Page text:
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Keywords:

  • rhinosinusitis;
  • bacteriology;
  • paranasal sinus diseases;
  • endoscopy

Background

Rhinosinusitis is one of the top 5 diagnoses for which an antibiotic is prescribed, often without a clear bacterial etiology. This study evaluated whether nasopharyngeal culture and gram stain could serve as a surrogate for endoscopically obtained middle meatal cultures in directing appropriate therapy for acute bacterial rhinosinusitis (ABRS). This study also investigated the utility of a rapid sinus test screen in differentiating bacterial from nonbacterial rhinosinusitis.

Methods

Thirty-one adult patients met inclusion criteria for ABRS. Samples were obtained from both the middle meatus and nasopharynx for Gram stain and culture. Nasal mucous samples were tested with a rapid sinus test strip measuring pH, levels of protein, nitrites, and leukocyte esterase.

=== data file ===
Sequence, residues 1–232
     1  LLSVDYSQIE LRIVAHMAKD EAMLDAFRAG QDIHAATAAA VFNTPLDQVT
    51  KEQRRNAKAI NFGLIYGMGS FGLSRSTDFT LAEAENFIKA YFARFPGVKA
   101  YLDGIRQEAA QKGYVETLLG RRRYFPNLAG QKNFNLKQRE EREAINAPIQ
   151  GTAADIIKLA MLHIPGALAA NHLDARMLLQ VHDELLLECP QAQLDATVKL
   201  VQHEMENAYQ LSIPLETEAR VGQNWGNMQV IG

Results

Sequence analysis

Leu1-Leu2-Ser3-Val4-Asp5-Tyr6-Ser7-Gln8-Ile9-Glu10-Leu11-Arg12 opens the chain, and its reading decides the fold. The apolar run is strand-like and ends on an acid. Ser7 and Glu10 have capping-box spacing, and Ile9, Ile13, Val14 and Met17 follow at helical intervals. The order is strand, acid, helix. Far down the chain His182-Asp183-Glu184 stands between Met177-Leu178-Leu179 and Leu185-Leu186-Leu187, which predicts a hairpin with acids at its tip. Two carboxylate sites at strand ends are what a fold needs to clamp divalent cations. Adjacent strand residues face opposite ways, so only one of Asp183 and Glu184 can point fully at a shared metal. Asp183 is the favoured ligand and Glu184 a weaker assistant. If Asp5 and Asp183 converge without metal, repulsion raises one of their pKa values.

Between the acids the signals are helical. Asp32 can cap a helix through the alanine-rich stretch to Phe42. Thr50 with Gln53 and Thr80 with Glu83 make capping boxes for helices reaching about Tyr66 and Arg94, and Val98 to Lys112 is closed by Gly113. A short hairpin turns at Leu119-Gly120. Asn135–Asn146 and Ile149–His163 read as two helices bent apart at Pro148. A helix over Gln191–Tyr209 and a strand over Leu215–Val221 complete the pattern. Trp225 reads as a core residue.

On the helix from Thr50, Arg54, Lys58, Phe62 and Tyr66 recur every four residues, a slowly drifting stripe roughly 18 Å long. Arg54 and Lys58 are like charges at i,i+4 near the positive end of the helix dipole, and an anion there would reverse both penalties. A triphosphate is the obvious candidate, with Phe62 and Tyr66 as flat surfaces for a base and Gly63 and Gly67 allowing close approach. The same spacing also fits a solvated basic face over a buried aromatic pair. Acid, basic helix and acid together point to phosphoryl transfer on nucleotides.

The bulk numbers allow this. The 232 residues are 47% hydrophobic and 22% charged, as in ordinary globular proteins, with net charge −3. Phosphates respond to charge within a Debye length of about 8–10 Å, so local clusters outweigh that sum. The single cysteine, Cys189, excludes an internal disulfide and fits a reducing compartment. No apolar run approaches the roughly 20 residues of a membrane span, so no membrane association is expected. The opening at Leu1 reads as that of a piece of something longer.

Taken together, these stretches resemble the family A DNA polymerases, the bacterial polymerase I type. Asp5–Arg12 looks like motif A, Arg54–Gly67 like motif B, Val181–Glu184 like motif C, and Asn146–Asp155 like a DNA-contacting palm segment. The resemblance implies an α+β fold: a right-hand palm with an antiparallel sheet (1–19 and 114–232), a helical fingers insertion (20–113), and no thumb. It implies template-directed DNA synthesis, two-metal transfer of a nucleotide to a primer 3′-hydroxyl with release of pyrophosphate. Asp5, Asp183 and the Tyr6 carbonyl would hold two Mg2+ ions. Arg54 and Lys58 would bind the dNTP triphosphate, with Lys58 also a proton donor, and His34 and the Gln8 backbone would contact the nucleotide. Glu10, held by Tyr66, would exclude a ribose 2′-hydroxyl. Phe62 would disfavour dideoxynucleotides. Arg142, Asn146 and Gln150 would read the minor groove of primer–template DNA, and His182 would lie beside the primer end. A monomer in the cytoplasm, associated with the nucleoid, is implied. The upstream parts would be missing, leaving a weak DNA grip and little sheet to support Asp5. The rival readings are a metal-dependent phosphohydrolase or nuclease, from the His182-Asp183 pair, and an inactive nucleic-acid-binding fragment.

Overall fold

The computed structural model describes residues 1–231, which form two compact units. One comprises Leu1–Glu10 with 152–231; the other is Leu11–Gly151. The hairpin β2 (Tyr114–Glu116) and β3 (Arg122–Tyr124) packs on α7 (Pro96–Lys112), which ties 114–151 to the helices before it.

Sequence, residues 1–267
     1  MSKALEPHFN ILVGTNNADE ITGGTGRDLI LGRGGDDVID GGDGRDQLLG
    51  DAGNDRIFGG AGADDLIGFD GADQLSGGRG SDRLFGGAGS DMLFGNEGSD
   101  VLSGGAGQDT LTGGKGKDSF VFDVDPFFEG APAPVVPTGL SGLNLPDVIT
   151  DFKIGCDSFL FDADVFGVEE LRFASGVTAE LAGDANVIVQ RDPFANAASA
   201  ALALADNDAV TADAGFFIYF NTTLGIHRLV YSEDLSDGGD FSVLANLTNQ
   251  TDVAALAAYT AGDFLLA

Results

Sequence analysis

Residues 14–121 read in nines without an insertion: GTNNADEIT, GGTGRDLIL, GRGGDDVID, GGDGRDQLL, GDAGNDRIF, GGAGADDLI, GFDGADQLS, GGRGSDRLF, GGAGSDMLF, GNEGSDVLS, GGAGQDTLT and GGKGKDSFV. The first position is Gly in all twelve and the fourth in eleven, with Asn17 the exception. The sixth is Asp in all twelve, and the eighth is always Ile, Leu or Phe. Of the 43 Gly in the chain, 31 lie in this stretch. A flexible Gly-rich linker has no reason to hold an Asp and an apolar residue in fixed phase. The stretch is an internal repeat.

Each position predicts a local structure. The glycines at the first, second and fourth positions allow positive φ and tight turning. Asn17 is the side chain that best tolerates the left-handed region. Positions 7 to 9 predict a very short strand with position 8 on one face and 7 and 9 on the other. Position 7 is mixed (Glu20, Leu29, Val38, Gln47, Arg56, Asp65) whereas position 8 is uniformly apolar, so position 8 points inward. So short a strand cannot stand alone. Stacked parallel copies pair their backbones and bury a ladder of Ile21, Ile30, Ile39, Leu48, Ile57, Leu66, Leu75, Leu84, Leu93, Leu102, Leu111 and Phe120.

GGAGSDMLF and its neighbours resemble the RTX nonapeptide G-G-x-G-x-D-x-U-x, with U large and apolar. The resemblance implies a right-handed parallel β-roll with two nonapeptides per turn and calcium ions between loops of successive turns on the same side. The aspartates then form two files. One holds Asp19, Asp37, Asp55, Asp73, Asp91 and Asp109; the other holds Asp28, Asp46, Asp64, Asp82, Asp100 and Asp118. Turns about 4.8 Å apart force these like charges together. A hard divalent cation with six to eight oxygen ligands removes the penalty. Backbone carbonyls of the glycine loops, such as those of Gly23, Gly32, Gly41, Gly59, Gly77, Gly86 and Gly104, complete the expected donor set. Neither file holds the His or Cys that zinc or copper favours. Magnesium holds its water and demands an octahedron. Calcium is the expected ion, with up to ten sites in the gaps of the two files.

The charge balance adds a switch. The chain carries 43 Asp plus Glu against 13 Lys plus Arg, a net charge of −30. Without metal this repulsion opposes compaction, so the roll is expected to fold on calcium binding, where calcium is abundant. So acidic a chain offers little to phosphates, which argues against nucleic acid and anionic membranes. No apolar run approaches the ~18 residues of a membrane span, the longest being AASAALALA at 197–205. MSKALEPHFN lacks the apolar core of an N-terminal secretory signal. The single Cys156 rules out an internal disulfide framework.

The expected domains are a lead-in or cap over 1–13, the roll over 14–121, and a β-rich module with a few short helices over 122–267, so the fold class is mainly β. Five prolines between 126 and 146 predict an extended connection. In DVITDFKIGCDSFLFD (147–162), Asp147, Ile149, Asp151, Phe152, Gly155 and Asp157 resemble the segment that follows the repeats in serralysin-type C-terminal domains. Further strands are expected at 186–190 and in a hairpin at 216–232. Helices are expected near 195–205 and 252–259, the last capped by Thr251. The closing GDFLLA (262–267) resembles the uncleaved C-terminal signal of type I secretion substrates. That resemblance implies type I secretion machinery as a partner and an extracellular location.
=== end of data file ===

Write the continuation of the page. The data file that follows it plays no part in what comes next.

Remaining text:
Results

Sixty-one percent (61%) of nasopharyngeal and 48% of middle meatal samples grew pathogenic bacteria. The concordance rate was 84% between the 2 sites (p = 0.0006). The following pathogenic organisms were detected: Moraxella catarrhalis, Streptococcus pneumoniae, Haemophilus influenzae, Pseudomonas aeruginosa, and Staphylococcus aureus. For nasopharyngeal samples, reliance on Gram stain alone exhibited a sensitivity of 31% and specificity of 100% and, similarly, for middle meatus samples, 47% and 93%, respectively. The rapid sinus test revealed a sensitivity of 83% and specificity of 7%.

Conclusion

Nasopharyngeal and middle meatal cultures exhibited high concordance for pathogenic bacteria. Gram stain exhibited moderate sensitivity and excellent specificity. Nasopharyngeal cultures could provide a viable method, especially in a primary care setting, for determining the appropriateness of antibiotic therapy. The rapid sinus test's lack of specificity precluded its utility in the differentiation between bacterial and nonbacterial rhinosinusitis.